CHARLESTON — It was a few months ago that Kara Baker noticed that Lake Charleston could use a cleanup, and by early Saturday morning there was already a discarded mattress and box springs found and ready to be dumped.
Baker and several other Eastern Illinois University students spent part of the morning at the lake picking up trash, some of which was noticeable now because of the summer’s drought.
“The lack of rain lowered the water level,” Baker said. “There was so much trash exposed.”
Saturday’s effort was led by the EIU geology department’s honors society, of which Baker is a member. The EIU senior said she first noticed the conditions at the lake during a visit over the summer.
“It was really nice but really dirty,” she said.
The honors society has public service as one of its requirements, said EIU assistant professor Diane Burns, the group’s advisor. The organization tries to do two projects a year, one during the fall semester and other during the spring semester, and “it usually involves cleaning,” she said.
The organization has done cleanups at Lake Charleston for the last 10 years, has included a campus cleanup in the past and hopes to add more locations for its work in the future, Burns said.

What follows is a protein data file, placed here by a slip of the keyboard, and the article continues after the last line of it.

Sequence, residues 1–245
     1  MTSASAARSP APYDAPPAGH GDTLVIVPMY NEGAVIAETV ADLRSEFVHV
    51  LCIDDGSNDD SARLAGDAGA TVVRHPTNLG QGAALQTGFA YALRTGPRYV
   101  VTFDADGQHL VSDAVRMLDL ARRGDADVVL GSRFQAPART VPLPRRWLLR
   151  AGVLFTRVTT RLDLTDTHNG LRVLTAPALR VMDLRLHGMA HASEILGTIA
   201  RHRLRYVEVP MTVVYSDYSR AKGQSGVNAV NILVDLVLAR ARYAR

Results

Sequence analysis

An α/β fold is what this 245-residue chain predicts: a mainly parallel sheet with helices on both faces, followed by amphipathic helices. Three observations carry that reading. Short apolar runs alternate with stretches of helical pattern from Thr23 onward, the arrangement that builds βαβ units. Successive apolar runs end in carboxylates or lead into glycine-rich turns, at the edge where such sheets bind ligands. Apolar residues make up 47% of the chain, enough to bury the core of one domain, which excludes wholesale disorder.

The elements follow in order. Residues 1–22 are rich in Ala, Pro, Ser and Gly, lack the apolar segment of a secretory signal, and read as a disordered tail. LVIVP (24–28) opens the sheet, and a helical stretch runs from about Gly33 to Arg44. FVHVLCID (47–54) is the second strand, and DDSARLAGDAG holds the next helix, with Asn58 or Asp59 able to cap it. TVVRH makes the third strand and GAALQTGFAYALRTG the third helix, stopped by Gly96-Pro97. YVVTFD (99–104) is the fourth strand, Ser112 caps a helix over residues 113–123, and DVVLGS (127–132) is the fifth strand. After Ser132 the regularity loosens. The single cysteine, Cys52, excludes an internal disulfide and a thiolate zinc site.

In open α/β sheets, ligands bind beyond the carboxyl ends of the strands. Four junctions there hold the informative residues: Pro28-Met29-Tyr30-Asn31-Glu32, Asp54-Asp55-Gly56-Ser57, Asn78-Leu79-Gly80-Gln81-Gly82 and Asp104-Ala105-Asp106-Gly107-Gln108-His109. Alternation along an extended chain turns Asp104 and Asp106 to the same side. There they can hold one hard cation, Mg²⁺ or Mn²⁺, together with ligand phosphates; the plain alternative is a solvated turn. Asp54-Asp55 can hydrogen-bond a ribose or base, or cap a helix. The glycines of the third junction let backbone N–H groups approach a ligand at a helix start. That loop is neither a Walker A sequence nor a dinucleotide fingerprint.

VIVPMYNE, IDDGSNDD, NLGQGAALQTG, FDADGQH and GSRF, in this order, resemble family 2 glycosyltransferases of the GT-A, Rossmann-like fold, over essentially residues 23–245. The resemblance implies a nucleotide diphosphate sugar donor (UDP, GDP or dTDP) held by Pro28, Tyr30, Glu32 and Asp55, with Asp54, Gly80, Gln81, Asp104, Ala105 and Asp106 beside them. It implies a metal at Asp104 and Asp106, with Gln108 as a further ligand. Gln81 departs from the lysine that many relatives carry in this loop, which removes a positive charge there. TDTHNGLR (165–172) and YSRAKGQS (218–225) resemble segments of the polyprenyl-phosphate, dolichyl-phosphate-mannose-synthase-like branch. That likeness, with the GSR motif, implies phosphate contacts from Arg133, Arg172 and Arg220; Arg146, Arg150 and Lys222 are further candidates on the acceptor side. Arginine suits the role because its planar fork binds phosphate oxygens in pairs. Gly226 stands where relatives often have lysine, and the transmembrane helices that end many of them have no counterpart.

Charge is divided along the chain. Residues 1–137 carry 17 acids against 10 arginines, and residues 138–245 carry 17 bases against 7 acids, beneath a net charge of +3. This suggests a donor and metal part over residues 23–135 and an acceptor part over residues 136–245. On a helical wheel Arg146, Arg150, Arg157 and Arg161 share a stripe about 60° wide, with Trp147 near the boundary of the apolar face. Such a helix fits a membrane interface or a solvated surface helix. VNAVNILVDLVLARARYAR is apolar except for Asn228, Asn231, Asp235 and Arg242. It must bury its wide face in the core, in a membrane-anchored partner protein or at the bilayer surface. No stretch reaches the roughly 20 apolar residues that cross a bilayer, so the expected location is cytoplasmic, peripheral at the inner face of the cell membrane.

“There are a lot of dirty places in town,” she said, partly joking. Still, she pointed to a small candy wrapper on the ground, noting that there might be quite a bit of trash in places where it’s not really that noticeable.
Burns said students from the department’s geography honors society along with geology/geography student clubs, as well as from other departments and organizations, helped with Saturday’s effort. She also advised other EIU instructors of the project and some gave students extra credit for volunteering to help Saturday.
Baker said the exposed trash at the lake included floatation devices, bottles, empty beer cases and cigarette packs. She said Saturday’s work would concentrate on the lake’s fishing areas where old fishing lures and discarded buckets were among the things left behind.
She also noted that there were some places where it was evident that fires had been extinguished properly and there were no signs of any trash remaining.
“There are people attempting to clean up after themselves,” she said.
The students planned to recycle what materials they could from the trash they picked up and city of Charleston departments agreed to take the rest, Baker said. She noted that there are several trash bins and garbage cans for public use at the lake.
The city provided the students with trash bags and gloves to use during their work.
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